// Show an alert with the result
                  new Noty({
                      text: "The new entry could not be created. Please try again.",
                      type: "warning"
  • Add the new route, next to UserCrudController's route (most likely inside routes/backpack/custom.php):

    Route::get('user/import', 'UserCrudController@import');
  • We can now add a import() method to our UserCrudController, which would import the users.

    public function import()
    // whatever you decide to do
  • Now we can actually add this button to any of UserCrudController::setupListOperation():

    CRUD::addButtonFromView('top', 'import', 'import', 'end');

Adding a Custom Button That Is Visible Only for Some Entries

Let's say we want to create a simple approve.blade.php button. But not all entries can be approved. In that case, you will want your approve button to pass the $entry as a second parameter, when checking for access:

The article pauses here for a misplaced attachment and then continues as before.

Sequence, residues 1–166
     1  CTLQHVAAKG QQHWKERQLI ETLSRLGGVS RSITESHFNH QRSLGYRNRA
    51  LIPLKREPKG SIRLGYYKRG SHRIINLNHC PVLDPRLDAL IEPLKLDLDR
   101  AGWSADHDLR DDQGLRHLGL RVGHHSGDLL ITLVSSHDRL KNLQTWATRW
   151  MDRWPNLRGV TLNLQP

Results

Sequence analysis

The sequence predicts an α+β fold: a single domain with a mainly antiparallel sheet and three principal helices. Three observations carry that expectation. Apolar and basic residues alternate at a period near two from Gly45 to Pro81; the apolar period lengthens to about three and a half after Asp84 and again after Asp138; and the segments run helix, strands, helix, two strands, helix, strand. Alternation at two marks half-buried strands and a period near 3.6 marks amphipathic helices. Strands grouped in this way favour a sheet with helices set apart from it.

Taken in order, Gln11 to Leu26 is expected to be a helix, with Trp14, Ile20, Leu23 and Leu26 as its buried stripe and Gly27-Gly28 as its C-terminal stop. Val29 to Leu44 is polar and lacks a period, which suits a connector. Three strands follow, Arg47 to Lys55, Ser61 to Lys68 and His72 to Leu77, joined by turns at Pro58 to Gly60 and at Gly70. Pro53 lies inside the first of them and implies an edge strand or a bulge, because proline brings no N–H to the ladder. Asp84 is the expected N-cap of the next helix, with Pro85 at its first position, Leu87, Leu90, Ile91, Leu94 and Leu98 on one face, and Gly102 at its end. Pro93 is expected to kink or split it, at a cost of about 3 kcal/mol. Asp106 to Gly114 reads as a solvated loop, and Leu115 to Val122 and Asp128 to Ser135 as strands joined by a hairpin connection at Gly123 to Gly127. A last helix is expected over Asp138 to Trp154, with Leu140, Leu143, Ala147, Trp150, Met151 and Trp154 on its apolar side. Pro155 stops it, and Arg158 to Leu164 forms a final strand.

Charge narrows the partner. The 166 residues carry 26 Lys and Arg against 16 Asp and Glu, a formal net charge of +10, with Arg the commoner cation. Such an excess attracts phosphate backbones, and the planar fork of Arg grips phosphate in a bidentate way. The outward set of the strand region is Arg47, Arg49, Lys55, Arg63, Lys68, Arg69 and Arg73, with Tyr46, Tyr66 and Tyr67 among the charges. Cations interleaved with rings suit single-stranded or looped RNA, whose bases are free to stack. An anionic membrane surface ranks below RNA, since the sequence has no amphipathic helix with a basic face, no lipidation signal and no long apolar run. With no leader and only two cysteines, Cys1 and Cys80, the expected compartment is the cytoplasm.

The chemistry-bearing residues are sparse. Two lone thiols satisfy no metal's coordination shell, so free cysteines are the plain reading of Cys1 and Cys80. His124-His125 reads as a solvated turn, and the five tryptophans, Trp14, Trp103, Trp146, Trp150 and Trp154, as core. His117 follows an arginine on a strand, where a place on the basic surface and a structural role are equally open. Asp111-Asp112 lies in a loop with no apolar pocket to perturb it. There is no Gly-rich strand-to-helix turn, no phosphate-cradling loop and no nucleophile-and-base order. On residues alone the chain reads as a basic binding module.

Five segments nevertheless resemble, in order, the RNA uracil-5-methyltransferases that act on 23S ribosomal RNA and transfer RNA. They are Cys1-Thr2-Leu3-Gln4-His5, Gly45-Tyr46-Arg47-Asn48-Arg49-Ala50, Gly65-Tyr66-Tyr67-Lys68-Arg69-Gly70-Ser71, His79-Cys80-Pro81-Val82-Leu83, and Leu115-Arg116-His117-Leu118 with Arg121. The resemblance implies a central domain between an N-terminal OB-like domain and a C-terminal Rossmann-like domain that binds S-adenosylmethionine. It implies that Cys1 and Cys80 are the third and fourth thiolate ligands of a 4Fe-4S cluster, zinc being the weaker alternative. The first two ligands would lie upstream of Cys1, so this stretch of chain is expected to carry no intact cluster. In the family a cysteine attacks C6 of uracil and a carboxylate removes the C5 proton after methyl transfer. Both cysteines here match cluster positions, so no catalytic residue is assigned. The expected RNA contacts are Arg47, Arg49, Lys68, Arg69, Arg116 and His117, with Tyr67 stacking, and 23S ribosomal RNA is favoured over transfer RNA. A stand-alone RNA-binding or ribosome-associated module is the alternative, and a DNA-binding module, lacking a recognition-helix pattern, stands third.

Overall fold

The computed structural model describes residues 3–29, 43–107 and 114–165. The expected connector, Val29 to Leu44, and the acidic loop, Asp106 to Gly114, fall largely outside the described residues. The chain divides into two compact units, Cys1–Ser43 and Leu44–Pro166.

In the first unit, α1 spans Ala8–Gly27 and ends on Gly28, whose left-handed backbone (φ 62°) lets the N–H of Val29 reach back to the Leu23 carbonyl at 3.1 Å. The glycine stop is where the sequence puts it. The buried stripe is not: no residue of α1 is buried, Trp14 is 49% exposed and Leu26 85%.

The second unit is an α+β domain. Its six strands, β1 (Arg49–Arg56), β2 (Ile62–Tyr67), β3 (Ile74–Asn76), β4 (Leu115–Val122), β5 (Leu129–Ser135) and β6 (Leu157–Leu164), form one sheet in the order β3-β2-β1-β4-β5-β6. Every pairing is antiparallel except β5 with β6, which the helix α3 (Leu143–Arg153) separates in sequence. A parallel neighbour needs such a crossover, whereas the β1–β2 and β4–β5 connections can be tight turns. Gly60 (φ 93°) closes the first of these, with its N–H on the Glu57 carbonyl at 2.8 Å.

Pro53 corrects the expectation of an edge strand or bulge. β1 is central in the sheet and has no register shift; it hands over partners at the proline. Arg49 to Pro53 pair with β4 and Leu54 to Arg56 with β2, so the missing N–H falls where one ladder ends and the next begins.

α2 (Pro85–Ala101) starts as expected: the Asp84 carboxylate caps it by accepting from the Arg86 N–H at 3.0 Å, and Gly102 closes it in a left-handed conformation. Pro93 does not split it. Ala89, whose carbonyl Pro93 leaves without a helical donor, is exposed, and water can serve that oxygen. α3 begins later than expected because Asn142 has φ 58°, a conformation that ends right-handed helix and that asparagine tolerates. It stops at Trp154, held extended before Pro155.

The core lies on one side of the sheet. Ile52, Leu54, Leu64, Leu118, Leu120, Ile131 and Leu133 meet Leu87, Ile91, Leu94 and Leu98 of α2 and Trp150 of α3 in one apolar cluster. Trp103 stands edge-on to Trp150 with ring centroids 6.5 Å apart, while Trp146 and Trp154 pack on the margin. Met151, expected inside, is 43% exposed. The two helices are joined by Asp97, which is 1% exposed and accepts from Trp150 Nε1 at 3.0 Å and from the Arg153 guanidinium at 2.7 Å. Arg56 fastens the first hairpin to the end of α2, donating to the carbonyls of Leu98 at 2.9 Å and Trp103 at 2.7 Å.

// resources\views\vendor\backpack\crud\buttons\approve.blade.php

@if ($crud->hasAccess('approve', $entry))
  <a href="{{ url($crud->route.'/'.$entry->getKey().'/approve') }} " class="btn btn-xs btn-default"><i class="la la-thumbs-up"></i> Approve</a>

Then in your ProductCrudController you can define the access to this approve operation per entry:

// allow or deny access depending on the entry
$this->crud->setAccessCondition('approve', function ($entry) {
    return $entry->category !== 1 ? true : false;

Similarly, you can define the access per user:

// allow or deny access depending on the user
$this->crud->setAccessCondition('approve', function ($entry) {
    return backpack_user()->id == 1 ? true : false;

Reorder buttons

The default order of line stack buttons is 'edit', 'delete'. Let's say you are using the ShowOperation, by default the preview button gets placed in the beggining of that stack, if you want to move it to the end of the stack you may use orderButtons or moveButton.

CRUD::orderButtons('line', ['update', 'delete', 'show']);
CRUD::moveButton('show', 'after', 'delete');